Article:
Q: What have motorbikes in London's bus lanes and panto got in common?
A: Neither are remotely funny.
That is why the London Cycling Campaign are sending a couple of panto dames out on to London's bus lanes this morning carrying placards warning fellow cyclists “It’s behind you!”, advising them to watch out for motorbikes in bus lanes. The dame's efforts mark the start of an awareness and monitoring campaign, around the whole issue of motorbikes in bus lanes.
The dames will also be handing out cards at Hyde Park Corner from 8.30am on 5th January.
The publicity campaign is in response to the start of an 18-month trial permitting motorbikes into many London bus lanes.
During the trial, which starts today, motorbikes will be permitted to use most of the bus lanes on the Mayor’s red routes. Cyclists and pedestrians are being advised to 'Be Aware, Take Extra Care' in bus lanes and have a chance to report any incidents involving motorbikes.
The London Cycling Campaign will be distributing Bus Lane Watch cards to cyclists from 5th January, with details of the experimental trial of motorbikes in red route bus lanes and providing them with a web address where they can report experiences and incidents to the LCC.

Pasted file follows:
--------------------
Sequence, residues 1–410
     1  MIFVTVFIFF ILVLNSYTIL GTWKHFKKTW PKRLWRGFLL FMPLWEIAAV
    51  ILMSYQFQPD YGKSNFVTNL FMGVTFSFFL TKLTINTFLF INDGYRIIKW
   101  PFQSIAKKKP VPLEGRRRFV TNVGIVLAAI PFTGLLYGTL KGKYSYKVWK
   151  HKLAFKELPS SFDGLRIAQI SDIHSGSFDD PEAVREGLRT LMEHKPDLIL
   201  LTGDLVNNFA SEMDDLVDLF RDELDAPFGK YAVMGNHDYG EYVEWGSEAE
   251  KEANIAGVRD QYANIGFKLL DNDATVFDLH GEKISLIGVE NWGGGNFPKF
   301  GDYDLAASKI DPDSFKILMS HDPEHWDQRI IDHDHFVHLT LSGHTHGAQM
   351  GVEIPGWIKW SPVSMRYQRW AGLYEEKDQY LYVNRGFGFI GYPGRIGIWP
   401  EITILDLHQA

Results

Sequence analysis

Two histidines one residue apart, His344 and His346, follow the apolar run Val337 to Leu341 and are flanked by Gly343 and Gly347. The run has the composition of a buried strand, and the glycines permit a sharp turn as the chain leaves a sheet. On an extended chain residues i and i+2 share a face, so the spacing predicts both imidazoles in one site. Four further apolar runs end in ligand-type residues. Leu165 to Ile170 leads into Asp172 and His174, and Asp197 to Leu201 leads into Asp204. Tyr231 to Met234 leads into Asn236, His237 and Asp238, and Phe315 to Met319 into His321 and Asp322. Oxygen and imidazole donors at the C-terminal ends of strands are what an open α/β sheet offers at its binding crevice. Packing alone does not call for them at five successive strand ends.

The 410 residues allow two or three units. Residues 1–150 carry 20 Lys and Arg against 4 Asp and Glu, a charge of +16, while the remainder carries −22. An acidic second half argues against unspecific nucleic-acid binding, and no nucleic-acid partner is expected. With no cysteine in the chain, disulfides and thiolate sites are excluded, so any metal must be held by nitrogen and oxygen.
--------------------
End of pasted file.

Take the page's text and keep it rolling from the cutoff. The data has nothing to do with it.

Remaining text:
Koy Thomson LCC’s chief executive said, “Putting motorbikes in bus lanes will not reduce motor traffic and will likely undermine the Mayor’s targets for growth in cycling. The Mayor has set this up as a trial and it is vital that it is properly monitored and evaluated. We want to give cyclists and pedestrians an opportunity to report their experiences and to record incidents that take place in bus lanes.”
More than 3500 people signed a petition presented to the Mayor in the summer of 2008 asking him to reconsider his decision on the issue. Previous trials of motorbikes in bus lanes have not, according to Transport for London, provided clear evidence of benefits to motorcyclists, but have the potential for ‘disbenefits’ to cyclists and pedestrians.
Transport for London will be running a consultation on the trial for a period of six months ending in July.
Plucked from the obscurity of his London commute back in the mid-Nineties to live in Bath and edit bike mags our man made the jump to the interweb back in 2006 as launch editor of a large cycling website somewhat confusingly named after a piece of navigational equipment. He came up with the idea for road.cc mainly to avoid being told what to do… Oh dear, issues there then. Tony tries to ride his bike every day and if he doesn't he gets grumpy, he likes carbon, but owns steel, and wants titanium. When not on his bike or eating cake Tony spends his time looking for new ways to annoy the road.cc team. He's remarkably good at it.